…terview in The New York Times, the author stated that censorship can silence voices, which is true. What she failed to address is whether in not voluntarily silencing her particular voice on a subject that may not be entirely her right to tell, she, in turn, has contributed to the silencing of a swath of voices who might best deserve to write it instead. In the final say, hers is not one of the affected voices; she remains a spectator, no matter how mu…
I can appreciate this. The reality is that our default is white: publishing is dominated by white women, and all of our systems favor white people, generally speaking. As a result, her opportunity exists not only in greater amounts than POC’s of all kinds BUT ALSO AT THE EXPENSE OF POC.
The problem, as I see it, is twofold:
- Attempting to write from another’s point of view, which is very difficult, must be done carefully, but is do-able; AND
- Opportunity: white people have more at baseline. This is a reality regardless of Cummins’ individual opinions or views on race, and even if she had actually written a good book. So, it is her anti-racist responsibility to acknowledge that extra privilege and pro-actively allow the actual marginalized voice that opportunity. Anything else is opportunism.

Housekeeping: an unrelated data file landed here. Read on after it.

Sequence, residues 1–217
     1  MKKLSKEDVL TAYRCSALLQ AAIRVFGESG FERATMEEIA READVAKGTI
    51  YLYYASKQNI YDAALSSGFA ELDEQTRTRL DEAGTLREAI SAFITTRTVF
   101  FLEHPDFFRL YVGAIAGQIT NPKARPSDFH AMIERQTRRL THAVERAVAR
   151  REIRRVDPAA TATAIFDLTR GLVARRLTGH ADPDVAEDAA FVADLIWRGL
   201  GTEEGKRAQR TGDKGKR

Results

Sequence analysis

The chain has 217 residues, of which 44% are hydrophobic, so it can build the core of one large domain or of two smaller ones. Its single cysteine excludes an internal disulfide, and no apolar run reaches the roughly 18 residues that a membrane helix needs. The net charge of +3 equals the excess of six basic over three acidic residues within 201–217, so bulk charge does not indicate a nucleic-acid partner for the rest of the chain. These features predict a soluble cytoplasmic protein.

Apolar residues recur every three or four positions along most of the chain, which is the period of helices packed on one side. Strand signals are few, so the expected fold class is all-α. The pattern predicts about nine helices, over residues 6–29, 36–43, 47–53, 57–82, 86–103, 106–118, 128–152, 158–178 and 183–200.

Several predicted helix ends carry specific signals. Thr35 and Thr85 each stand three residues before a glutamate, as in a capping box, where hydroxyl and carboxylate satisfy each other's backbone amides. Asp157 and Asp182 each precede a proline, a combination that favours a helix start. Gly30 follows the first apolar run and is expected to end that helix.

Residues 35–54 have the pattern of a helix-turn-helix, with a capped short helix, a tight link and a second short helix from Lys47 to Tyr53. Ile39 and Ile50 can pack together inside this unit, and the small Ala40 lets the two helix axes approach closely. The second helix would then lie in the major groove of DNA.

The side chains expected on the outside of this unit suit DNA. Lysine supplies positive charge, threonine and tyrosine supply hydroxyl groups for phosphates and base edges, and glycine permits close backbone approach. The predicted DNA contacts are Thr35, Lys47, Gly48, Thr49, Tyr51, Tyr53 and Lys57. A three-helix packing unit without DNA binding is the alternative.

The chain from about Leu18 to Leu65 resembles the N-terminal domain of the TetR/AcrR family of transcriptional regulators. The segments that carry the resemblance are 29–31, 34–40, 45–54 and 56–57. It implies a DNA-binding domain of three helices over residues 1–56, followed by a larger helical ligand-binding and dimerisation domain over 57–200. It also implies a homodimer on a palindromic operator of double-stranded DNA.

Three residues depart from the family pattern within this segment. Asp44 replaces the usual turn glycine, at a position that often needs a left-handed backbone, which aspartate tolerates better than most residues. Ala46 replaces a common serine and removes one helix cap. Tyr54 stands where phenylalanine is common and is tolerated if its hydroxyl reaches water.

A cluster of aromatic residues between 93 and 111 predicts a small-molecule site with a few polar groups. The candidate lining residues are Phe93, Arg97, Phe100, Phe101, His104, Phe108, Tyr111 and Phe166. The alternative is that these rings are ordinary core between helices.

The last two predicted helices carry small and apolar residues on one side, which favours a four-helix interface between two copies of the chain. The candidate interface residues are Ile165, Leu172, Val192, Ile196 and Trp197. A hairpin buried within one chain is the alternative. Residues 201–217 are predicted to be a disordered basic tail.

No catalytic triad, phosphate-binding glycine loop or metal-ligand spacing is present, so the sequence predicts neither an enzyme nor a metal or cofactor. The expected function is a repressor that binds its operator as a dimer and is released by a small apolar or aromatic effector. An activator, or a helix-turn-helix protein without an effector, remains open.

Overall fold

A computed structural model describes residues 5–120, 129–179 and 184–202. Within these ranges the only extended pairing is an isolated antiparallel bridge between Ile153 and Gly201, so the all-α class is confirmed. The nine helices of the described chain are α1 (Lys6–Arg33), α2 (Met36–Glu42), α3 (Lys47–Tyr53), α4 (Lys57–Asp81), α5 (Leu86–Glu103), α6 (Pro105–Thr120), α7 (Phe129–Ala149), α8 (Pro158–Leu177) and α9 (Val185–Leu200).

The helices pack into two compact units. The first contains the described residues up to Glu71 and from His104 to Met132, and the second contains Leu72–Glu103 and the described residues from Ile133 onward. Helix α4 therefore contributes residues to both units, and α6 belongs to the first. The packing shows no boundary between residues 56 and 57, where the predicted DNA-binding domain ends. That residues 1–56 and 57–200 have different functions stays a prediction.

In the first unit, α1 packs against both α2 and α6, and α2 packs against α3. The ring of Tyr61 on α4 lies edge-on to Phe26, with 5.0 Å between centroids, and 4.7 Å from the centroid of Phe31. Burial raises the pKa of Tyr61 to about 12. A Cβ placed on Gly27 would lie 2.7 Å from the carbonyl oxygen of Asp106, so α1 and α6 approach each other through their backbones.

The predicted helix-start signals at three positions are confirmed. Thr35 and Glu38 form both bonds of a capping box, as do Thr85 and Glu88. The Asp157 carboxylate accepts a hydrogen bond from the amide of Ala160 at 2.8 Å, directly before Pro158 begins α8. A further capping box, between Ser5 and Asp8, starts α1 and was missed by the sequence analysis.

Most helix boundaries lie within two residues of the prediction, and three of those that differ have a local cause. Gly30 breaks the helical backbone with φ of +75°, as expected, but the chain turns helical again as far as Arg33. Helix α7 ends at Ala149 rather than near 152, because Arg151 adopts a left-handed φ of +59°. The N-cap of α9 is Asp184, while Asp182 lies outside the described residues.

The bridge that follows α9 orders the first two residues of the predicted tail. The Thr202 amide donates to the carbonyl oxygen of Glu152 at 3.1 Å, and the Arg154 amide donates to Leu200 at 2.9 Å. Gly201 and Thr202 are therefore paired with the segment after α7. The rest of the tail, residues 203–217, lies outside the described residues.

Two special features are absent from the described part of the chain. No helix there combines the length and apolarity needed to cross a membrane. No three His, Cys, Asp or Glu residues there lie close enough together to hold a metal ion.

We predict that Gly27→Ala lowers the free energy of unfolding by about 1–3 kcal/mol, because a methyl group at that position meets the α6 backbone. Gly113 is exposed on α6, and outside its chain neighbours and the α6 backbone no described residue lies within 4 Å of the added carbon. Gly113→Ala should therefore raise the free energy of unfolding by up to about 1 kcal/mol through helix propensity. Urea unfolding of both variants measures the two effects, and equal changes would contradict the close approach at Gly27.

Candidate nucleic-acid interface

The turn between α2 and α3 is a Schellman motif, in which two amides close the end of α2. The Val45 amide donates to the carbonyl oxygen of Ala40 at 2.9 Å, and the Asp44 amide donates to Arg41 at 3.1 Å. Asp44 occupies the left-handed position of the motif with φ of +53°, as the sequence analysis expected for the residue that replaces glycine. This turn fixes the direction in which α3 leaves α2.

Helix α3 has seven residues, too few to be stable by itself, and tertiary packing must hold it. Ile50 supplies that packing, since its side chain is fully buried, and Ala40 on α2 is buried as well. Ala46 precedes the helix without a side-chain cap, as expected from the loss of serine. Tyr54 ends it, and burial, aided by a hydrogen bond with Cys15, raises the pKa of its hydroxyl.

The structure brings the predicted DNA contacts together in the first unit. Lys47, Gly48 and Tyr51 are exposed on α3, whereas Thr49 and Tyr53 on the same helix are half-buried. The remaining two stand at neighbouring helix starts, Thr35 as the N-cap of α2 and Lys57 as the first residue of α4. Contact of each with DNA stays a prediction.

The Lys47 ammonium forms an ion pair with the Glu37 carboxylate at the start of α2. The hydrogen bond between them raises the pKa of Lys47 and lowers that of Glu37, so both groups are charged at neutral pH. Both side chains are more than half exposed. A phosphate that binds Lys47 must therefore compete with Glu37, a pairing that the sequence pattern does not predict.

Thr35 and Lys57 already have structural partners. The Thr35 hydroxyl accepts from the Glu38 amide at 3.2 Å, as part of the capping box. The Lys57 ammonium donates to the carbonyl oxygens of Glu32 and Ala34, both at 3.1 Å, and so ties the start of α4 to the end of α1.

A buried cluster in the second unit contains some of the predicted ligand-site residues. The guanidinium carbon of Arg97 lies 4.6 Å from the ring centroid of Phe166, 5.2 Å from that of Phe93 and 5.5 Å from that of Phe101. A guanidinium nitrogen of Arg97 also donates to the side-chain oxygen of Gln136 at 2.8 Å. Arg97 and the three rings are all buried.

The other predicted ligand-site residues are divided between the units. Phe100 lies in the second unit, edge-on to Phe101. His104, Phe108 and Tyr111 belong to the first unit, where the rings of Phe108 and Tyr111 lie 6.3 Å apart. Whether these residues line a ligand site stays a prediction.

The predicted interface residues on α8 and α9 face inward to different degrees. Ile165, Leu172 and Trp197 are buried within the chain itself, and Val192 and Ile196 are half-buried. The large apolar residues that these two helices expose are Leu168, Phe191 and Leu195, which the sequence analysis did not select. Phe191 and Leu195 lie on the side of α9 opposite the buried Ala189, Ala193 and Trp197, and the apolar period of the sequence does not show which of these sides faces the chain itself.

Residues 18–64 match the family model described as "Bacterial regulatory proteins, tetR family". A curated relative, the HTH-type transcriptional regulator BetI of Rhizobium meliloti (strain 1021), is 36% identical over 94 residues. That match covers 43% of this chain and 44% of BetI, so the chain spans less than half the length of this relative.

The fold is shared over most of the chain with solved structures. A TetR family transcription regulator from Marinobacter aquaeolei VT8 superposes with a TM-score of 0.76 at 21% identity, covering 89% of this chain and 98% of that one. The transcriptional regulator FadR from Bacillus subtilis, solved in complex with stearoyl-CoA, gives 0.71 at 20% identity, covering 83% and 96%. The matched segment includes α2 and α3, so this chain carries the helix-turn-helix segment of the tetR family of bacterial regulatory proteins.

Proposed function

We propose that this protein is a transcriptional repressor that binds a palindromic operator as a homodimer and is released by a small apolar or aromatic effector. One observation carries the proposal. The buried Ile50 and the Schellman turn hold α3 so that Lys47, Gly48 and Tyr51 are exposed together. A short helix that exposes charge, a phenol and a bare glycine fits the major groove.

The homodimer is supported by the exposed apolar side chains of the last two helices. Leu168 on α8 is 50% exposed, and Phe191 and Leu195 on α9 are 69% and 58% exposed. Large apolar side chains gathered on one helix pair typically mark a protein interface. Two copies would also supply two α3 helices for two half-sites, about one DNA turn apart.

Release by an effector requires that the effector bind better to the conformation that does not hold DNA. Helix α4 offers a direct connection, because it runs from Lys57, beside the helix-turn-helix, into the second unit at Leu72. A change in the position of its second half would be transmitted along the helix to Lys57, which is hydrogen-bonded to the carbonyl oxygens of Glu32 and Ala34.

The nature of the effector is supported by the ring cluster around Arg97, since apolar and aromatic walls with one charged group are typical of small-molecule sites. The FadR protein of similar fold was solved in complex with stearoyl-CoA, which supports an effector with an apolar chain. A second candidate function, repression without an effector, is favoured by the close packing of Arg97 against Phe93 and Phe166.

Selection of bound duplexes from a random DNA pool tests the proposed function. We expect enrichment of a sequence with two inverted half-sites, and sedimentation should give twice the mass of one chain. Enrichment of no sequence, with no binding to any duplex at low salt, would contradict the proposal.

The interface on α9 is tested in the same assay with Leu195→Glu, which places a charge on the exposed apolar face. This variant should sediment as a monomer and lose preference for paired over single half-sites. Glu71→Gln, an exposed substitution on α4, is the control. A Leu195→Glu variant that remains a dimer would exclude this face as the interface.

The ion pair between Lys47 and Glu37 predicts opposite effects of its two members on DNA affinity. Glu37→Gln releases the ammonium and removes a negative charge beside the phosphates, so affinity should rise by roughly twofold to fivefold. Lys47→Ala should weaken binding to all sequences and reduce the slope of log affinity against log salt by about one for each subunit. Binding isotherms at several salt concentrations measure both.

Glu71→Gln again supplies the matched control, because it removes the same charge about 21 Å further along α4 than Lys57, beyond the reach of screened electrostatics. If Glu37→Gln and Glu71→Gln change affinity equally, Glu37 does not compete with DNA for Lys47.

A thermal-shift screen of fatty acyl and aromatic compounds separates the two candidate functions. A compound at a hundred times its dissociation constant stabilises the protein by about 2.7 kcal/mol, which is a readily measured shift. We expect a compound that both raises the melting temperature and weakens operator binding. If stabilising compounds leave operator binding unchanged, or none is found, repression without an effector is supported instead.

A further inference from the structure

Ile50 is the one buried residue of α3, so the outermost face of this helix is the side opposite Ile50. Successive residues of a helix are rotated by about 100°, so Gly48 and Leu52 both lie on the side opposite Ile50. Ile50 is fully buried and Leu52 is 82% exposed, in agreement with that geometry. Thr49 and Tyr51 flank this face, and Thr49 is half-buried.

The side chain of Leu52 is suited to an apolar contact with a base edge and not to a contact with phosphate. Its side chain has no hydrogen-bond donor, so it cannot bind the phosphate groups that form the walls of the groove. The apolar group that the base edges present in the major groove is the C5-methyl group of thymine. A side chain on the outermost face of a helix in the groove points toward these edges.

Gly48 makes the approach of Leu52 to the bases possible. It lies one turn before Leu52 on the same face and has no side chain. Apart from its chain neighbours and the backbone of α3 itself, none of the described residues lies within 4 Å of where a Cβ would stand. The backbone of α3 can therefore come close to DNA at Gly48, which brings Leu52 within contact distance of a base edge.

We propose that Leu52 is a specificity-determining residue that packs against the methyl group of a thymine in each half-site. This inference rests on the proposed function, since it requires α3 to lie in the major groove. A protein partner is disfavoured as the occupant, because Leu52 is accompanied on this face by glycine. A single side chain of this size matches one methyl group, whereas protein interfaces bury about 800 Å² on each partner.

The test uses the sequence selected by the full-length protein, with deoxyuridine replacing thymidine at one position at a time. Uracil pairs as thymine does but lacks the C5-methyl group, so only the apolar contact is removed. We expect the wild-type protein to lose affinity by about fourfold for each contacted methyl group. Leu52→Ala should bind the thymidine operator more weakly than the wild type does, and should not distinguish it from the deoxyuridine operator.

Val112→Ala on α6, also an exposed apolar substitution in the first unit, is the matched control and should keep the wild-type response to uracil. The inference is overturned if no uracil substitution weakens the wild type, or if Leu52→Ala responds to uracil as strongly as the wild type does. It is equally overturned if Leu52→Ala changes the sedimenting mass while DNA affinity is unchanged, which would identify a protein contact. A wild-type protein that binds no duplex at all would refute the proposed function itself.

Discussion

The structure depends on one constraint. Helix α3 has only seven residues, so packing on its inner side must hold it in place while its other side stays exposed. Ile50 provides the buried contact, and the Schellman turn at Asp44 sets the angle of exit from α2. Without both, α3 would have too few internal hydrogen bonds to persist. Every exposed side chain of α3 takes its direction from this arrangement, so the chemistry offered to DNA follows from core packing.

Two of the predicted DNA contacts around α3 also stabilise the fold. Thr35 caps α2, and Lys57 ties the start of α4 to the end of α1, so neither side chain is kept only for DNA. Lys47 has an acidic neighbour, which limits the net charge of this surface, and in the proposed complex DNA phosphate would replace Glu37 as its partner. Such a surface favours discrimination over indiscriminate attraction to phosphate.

As a POC who is not Mexican, I can’t speak about the cultural details, but I see the opportunism immediately because this white privilege, unacknowledged, has determined my failure and the failure of other POC’s around me for 35 years in my profession. So, I do think POC’s, even non-Mexican, will see the opportunism behind her behavior.
I have seen this in the last few years: these attempts to write from POC POV. It seems much more prevalent than decades ago, which to me points to this opportunism. I wonder what you think of the writer Zink, and her book Mislaid, which she claims took ‘only a few weeks’ to write, and which she wrote as ‘agent bait.’ She admits to begging Franzen to help her become famous, and when he does it, attributes her fame to herself. MY POC writer friends don’t have the option of dialing up famous white male authors every time they don’t feel like revising! Only white people get this Dialing for Dollars option.
This is the sort of opportunism that at least some POC who are in other professions immediately identify. I know less about Mexican culture or writing than I do about discrimination, and I believe when Cummins allows this sort of success, at some level she is stealing from others.
She actually says, in an interview, that she wasn’t going to say ‘no’ to a seven figure advance. This refreshing honesty reveals exactly the face I saw when I started reading this book and about the controversy: opportunism.
It would be an unfortunate distortion of reality for her to see this situation otherwise.